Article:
Injection molding is a repetitive process in which melted polymer (plastic) is injected into mold cavities, where it is held under certain pressure until it is removed into a solid state. Therefore, the whole injection molding process can be regarded as the cycle of multiple same processes, which is shown in Figure 3. It takes a 60-seconds injection molding cycle process as an example.

The carbon emissions during injection molding process are firstly calculated as energy consumption. The heating mode of IMM is the main factor affecting energy consumption in injection molding process. There are several heating modes used in IMM among which the electromagnetic induction heating is the most wildly used heating mode. Owing to that, the energy consumption is calculated as it is electromagnetic induction heating IMM. The energy consumption during a whole injection molding process, , which consists of four parts as shown in Figure 4 in grey can be calculated as follows:where represents the energy consumption during the plasticizing process, represents the energy consumption during the packing and holding process, represents the energy consumption during the cooling process, and represents the energy consumption during the ejection process. can be calculated as four individual parts as follows:where represents the energy consumption of heating bands, which can be calculated as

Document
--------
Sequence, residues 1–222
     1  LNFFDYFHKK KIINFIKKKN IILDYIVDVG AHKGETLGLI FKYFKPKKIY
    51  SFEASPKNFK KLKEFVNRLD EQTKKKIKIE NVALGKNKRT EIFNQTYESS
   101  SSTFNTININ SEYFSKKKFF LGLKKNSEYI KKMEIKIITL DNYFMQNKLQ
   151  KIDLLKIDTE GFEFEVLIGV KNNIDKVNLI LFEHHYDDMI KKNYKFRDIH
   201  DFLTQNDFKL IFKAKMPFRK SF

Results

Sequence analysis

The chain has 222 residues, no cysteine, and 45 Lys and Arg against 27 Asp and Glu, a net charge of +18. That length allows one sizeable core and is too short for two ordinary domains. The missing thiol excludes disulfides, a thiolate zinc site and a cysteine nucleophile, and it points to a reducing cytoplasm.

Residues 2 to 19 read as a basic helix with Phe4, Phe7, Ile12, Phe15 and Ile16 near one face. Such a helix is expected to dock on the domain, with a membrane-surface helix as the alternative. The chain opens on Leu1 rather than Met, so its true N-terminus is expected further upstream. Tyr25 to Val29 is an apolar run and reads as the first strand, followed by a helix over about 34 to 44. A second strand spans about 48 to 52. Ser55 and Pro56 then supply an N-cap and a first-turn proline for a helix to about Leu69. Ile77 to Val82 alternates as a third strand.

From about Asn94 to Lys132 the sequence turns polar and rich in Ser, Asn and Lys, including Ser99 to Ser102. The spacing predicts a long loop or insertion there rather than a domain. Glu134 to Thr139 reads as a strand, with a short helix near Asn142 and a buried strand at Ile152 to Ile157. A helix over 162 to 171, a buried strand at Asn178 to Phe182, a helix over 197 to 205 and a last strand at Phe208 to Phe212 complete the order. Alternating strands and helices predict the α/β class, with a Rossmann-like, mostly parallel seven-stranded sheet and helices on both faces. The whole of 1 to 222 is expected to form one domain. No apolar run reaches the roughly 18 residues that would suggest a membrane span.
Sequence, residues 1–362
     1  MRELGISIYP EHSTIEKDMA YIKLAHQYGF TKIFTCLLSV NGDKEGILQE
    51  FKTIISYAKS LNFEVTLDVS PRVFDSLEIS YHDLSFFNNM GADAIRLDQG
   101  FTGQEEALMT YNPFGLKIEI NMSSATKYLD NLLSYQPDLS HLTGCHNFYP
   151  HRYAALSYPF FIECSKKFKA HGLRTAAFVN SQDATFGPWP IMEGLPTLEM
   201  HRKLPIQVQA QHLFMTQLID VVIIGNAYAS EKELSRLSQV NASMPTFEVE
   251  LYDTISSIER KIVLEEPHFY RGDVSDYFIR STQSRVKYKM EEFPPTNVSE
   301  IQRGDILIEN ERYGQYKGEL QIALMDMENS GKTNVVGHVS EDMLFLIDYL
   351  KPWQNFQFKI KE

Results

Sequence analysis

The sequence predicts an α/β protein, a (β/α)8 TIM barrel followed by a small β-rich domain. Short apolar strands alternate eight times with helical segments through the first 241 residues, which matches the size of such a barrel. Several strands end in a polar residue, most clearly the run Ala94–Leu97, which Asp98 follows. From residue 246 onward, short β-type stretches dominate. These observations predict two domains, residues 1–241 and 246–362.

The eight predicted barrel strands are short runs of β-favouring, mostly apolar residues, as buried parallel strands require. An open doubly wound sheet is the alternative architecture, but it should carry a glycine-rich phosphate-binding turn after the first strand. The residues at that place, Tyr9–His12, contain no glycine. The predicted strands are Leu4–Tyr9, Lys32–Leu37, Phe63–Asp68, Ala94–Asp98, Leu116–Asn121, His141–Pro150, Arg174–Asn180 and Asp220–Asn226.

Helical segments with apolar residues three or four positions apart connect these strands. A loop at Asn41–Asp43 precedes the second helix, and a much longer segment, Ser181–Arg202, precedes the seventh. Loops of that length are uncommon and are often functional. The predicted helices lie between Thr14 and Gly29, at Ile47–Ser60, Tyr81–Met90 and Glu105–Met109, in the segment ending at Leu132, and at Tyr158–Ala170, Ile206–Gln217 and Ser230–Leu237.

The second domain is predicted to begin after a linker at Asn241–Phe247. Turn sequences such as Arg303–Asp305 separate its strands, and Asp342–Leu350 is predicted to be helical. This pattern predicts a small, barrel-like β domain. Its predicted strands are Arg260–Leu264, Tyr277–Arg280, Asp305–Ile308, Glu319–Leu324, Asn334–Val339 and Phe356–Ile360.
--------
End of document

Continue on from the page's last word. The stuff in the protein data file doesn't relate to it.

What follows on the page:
represents the energy consumption of the heating extruder barrel, which can be calculated as

represents the energy consumption of the heating injection screw, which can be calculated as

represents the energy consumption of the hydraulic motor, which can be calculated as

The schematic of a typical metering-type screw is shown in Figure 4 along with the main screw design parameters.

Based on the experience, the packing pressure is 75% of the injection pressure [36] so that the energy consumption during the packing and holding process, , can be calculated as follows:where represents the change ratio in unit volume of the polymer for a given decrease in temperature; the unit is . The coefficient of the cooling performance is regarded as the theoretical maximum [37]:

It is studied that the energy consumption during ejection process is 25% of the whole process [38] so that the energy consumption during the ejection process, , can be calculated as follows:

Above all, the energy consumption during an injection process cycle can be calculated as

On this basis, the carbon emissions in a single cycle of injection molding can be calculated as similar as equation (19):